After nearly 30 years as the American Road & Transportation Builders Association's president and CEO, Peter Ruane will be retiring in October, the association says.
Following Ruane’s retirement this fall, which ARTBA announced on June 19, the association’s long-time chief operating officer, William D. Toohey Jr., will become acting CEO. A search committee has been formed, led by David Zachry, CEO of contractor Zachry Corp., to seek Ruane's replacement. Ruane says committee members are looking at internal and external candidates but aren’t close to a decision yet.
The 73-year-old Ruane said in an interview with ENR that he has “no immediate plans” after leaving ARTBA. “I’m just going to chill out for a while,” he says. “The association will not miss a beat, in my opinion.”
The outspoken, often-blunt Ruane, a retired U.S. Marine Corps officer, has played an important role in advocating for transportation legislation, especially for the series of several multi-year federal surface transportation bills enacted during his years at ARTBA.
Stephen Sandherr, Associated General Contractors of America president and CEO, said via email, "Pete has been a long-time, passionate advocate for infrastructure.We will miss his energy and passion for infrastructure and wish him the best of luck in his hard-earned retirement."
"There's no pressure on me to retire," says Ruane, ARTBA's longest-serving leader in its 116-year history" “We’re in wonderful financial condition.” He notes that during his tenure, ARTBA membership has nearly tripled, to about 8,200, and its budget has risen to about $13.5 million, from $1.5 million.
Ruane—who joined ARTBA from the National Moving and Storage Association, where he was president and CEO—says had thought about retirement at certain points over the past several years, such as when he turned 65.
He also says he almost decided to step down in late 2015, after the last major surface-transportation reauthorization—the Fixing America’s Surface Transportation, or FAST, Act—was signed into law.
That legislation provided the certainty of a five-year funding stream, but, to construction and transportation industry officials, the annual authorization increases were disappointingly small. It fell far short of the industry’s long-sought goal of a long-term, increased revenue source for the financially shaky Highway Trust Fund.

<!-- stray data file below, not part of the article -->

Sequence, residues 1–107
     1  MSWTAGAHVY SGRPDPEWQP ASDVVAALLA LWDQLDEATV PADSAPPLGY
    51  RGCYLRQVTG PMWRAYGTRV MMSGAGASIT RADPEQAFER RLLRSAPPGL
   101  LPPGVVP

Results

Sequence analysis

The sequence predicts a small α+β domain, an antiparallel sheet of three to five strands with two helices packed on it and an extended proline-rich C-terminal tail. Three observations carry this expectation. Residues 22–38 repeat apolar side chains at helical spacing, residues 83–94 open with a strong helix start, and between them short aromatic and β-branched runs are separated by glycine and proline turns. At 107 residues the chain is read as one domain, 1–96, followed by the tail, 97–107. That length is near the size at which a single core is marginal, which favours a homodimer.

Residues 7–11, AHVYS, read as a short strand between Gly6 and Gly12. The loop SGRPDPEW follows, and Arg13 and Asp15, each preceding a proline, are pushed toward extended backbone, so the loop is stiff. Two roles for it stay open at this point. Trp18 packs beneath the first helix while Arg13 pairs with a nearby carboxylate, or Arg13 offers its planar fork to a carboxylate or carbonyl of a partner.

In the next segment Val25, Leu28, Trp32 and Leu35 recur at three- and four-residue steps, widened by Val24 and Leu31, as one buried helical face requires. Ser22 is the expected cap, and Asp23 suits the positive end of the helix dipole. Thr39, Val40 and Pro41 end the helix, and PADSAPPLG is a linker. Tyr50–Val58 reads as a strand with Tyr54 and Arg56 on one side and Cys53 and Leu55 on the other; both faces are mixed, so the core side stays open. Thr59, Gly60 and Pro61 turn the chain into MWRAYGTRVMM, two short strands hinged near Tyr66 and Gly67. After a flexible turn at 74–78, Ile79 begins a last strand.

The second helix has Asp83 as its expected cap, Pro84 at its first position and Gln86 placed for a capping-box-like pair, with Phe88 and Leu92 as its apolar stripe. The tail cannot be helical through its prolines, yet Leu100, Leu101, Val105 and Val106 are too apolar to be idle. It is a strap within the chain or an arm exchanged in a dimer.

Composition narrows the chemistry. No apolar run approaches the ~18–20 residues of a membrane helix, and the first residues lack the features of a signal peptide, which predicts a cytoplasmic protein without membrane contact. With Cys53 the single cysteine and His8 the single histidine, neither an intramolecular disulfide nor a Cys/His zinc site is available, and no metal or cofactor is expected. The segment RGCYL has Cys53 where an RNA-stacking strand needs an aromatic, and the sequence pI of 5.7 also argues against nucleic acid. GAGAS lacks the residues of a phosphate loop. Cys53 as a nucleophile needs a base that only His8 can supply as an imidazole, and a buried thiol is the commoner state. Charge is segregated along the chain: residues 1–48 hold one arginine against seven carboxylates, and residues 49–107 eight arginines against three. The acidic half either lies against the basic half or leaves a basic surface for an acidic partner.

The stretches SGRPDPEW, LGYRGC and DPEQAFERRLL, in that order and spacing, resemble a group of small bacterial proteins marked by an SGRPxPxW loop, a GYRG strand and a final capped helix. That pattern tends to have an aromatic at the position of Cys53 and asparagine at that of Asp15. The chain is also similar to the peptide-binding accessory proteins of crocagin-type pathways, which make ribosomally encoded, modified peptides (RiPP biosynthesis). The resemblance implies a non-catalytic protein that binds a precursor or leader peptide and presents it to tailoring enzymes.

Ruane decided to hold off on retirement then. “We didn’t get the real job done with the FAST Act on solving the [highway] funding issue,” Ruane says. “And that was a great motivator for me to try to stay around and try to accomplish that.”
He adds, “We felt that we still had momentum. We had some good ideas that people were still listening to.”
Than, In 2016, as the presidential race between Donald Trump and Hillary Clinton unfolded, ARTBA saw an opportunity to push again for transportation funding. Ruane recalls, “Our attitude was [that] both these people campaigned on infrastructure investment and let’s take a shot at it. Let’s give it a couple of years to see what happens and keep pushing our ideas.”
President Trump did release an infrastructure blueprint last February, and transportation has benefited from an infusion of several billion dollars in the 2018 appropriations bill enacted in March.
House Transportation and Infrastructure Committee Chairman Bill Shuster (R-Pa.) has said he is working on a wide-ranging infrastructure measure. But nothing concrete has emerged, and Shuster himself will retire from Congress at the end of the year.
Nevertheless, a new highway-transit bill is on the horizon. The FAST Act expires in 2020, and the Capitol Hill debate is expected to heat up about that legislation next year.
The central issue will be finding the money to at least keep the trust fund solvent. Ruane observes, “We’re looking at a situation where it’s another $100 billion that they’ve got to come up with just to fill the hole, just to keep the program where it is right now. And that’s a heavy, heavy lift.”`
But Ruane says he won't stay on for that legislative contest. He says, “I’m not egotistical enough to think that I’m the world’s greatest relief pitcher and we’ve got one more inning left and I’m the guy that’s going to strike out the side and win the game.”
In the meantime, he says, "We continue to push. We still have several months yet. The windows are not closed."
After his retirement, he says that for ARTBA and the transportation construction industry, “The fight goes on.” He adds, “I like to say we’re going to fight ‘til hell freezes over, and then we’re going to fight on the ice.”